We’re living in a golden age for financial crimes and it’s a good time to be a bad actor. Among the many potentials for crime is stimulus fraud – such as what occurred last year with the major stimulus packages passed in response to the pandemic. In 2020
alone, fraudsters siphoned off $36 billion meant for unemployed Americans, and Californian authorities are investigating the possibility that nearly $11 billion was stolen by criminals making fraudulent claims. While unemployment fraud happens elsewhere in
the world as well, the sheer scale of the U.S.’s reactive social stimulus structure is a perfect storm for theft.
In light of the latest COVID-19 stimulus package, the risk of fraud and theft will only increase. It’s time to look again at why this type of funding carries the risk of fraud and what needs to be done to stop it.
Understanding the potential for stimulus fraud during a pandemic
There are two types of fraud at play - the smaller-scale, opportunistic types of crimes, and then there is industrial-scale, organized crime. Within these two categories are wholesale identity theft, elder theft and human trafficking. There is a ripple effect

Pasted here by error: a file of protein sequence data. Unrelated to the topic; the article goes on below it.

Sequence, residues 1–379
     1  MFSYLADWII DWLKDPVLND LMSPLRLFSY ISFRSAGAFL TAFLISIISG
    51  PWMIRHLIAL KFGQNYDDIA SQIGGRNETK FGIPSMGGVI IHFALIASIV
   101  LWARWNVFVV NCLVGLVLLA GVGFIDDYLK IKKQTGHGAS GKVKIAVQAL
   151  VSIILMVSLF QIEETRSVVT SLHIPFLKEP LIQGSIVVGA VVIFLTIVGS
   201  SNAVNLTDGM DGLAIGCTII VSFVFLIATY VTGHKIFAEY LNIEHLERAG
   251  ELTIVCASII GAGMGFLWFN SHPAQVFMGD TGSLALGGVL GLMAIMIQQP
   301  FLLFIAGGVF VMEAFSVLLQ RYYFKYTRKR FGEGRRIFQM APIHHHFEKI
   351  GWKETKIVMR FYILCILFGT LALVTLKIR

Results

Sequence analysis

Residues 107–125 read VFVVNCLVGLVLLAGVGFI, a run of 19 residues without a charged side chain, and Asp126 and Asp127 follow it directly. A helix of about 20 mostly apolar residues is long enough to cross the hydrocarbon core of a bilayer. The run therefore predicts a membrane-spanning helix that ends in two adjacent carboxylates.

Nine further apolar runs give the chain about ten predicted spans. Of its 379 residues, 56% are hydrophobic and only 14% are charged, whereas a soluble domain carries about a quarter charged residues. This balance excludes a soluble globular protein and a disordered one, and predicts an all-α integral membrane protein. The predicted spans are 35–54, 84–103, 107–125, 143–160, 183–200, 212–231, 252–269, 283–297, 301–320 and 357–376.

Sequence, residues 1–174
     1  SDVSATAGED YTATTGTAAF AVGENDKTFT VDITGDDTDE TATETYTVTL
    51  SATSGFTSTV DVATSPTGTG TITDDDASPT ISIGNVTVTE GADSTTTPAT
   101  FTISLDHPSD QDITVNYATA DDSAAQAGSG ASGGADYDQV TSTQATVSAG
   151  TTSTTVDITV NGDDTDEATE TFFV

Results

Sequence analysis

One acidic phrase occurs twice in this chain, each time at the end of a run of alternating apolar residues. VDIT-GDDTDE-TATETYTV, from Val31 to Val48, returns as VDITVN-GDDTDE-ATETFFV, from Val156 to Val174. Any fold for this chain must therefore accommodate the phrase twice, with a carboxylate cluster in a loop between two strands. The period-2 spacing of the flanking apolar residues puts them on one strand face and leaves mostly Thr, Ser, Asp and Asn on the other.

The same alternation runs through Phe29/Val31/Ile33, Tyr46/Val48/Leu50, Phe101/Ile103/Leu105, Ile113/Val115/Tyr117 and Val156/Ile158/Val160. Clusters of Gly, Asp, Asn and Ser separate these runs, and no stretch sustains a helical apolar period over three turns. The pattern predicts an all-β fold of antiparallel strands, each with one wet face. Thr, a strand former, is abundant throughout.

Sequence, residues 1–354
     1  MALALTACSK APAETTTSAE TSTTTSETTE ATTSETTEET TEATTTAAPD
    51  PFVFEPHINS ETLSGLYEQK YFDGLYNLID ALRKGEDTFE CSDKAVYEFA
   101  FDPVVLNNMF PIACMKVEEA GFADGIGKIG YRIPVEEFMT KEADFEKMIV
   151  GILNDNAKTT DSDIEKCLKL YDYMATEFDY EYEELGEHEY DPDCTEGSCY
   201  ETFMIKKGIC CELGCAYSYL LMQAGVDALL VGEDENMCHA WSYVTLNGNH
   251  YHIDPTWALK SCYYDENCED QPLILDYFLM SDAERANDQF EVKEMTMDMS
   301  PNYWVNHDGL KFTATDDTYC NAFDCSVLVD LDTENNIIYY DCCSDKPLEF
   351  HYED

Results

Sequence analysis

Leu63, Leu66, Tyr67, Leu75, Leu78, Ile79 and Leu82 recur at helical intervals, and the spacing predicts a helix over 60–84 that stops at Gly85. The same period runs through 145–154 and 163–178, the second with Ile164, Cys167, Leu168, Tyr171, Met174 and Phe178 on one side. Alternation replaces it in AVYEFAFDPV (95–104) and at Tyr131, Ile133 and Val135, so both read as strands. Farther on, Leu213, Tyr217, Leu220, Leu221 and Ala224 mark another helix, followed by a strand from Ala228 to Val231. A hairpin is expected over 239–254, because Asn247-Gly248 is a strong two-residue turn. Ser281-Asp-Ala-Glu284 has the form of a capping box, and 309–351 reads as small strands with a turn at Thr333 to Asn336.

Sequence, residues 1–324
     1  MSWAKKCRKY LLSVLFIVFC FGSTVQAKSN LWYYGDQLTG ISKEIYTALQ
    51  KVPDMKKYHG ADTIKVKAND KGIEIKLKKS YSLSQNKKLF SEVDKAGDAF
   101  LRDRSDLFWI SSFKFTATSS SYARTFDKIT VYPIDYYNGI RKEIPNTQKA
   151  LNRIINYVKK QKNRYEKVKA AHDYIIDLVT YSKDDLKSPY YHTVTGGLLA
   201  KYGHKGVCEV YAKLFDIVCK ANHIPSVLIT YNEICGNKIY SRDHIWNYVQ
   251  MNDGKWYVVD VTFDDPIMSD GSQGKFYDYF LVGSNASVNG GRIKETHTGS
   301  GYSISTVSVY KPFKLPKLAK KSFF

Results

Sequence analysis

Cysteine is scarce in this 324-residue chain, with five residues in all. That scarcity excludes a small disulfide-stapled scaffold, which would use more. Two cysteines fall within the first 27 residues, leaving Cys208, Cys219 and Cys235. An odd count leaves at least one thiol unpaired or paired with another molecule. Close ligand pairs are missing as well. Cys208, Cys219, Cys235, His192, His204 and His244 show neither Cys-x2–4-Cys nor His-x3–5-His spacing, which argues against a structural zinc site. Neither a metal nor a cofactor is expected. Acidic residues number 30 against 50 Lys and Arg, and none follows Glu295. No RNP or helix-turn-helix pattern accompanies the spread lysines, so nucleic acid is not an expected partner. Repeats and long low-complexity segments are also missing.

when it comes to stimulus theft that goes far beyond what the Federal Trade Commission counts when compiling pandemic-related
stimulus fraud reports.
To understand the potential for COVID-19 stimulus fraud and why it’s so significant, it’s important to understand the situation at hand. The number of shell companies, for instance, has gone through the roof during the pandemic. While money launderers are still
selling drugs, they have piles of cash that they haven’t been able to launder through the channels they normally would use due to business closures and lockdowns. So now, they are buying small, distressed businesses for cash, like restaurants. And while the
ownership has changed, the operation model hasn’t – and these businesses are making payroll protection claims, for instance.
Once again, regulatory and law enforcement officials are concerned about the pivot of traditional financial crime into a new and incredibly lucrative opportunity. The most logical comparison is the Troubled Asset Relief Program (TARP). The man who ran TARP, Bill Barofsky, once said
that 10% fraud was assumed with that stimulus package. Going by this estimate, the exposure is a quarter to half a trillion dollars of fraud – or $250 billion to $500 billion potentially being stolen. That’s roughly the size of the GDP of Portugal! And, TARP
was a well-run, well-understood stimulus, focused on a manageably small number of recipients. Think about the programs that aren’t as well-run and the implications there. The trouble is that these massive amounts of loss are being accepted as the cost of doing
What banks need to know and do
Two of the largest problems complicating this issue are a lack of oversight and banks’ inability to truly know their customers. Banks need to understand their customers enough to understand the risks at hand, but they’re currently being hindered by outdated
There’s also a fundamental misunderstanding about where the responsibility lies when it comes to regulating the release of stimulus money. The big issue in five or six years’ time will be when the U.S. Justice Department tries to hold the banking industry